Zimbabwe Suspends Striking Teachers

A number of teachers have been dismissed by Zimbabwe’s Ministry of Primary and Secondary Education after they failed to show up at the start of the school year on Monday.

Schools in the country opened this week after a prolonged closure due to the COVID-19 pandemic, but teachers striking over low pay have paralyzed activities. In the capital Harare, there were no teaching activities in schools which managed to open.

The government denounced the strike as “unwarranted conduct” that is depriving children of their right to education and Education Minister, Dr Evelyn Ndlovu, announced the striking teachers have been suspended for three months.

She said, “The Ministry of Primary and Secondary Education would like to inform the nation and its valued stakeholders that all officials within the Ministry who absented themselves from duty since the official opening of schools on 7 February 2022 have been suspended without pay forthwith, for a period of three months.”

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In Zimbabwe, there are 140,000 government school teachers teaching 4.6 million students. Many teachers chose to stay at home in protest of their salaries of about $100 a month. They want their pay to be increased to about $500 a month.

According to the ministry, the absent teachers were suspended without pay with immediate effect for a period of three months while investigations into their misconduct were conducted.

Using the official exchange rate, teachers earn just under $200 (£150) a month, and less than $100 at the black market exchange rate widely used for goods and services.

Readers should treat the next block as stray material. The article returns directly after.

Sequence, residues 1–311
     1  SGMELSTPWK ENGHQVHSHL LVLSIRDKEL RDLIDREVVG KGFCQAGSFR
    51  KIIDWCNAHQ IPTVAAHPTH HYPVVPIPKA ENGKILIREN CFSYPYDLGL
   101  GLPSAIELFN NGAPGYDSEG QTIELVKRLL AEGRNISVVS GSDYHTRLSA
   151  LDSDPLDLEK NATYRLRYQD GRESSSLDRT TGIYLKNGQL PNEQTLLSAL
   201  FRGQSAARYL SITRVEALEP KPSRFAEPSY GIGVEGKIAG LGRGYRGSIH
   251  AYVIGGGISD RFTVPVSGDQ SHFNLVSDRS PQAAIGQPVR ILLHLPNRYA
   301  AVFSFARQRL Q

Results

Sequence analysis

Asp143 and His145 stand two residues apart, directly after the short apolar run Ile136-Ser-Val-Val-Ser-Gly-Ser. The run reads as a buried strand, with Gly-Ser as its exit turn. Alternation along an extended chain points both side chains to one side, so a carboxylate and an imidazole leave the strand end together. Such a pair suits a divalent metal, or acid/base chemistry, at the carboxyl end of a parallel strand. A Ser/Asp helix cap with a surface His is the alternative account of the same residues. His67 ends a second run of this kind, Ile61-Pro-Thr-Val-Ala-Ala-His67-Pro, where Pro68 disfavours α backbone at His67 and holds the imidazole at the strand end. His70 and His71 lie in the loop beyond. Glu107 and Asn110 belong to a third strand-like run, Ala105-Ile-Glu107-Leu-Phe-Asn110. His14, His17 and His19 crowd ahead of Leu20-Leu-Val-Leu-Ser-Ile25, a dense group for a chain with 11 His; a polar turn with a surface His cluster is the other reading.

The unions are calling for a minimum wage of $540.

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On The government offered Tuesday a 20% pay increase, payment of part of teachers’ salaries in U.S. dollars, and subsidies for buying cars and houses in response. The government also threatened to cut salaries of those who do not report for duty.

Teachers’ unions, however, reject the government’s offer, saying it’s too small. As well, union officials do not trust the government to deliver on promises of cheaper houses and duty-free imports of cars, pointing to previous announcements that did not materialize. The teachers claim that even with government subsidies, they cannot afford to buy a car.

Obert Masaraure claims that teachers have been reduced to paupers and cannot pay school fees at the schools where they usually teach. According to him, teachers need almost eight months of their salaries just to pay for school fees. 

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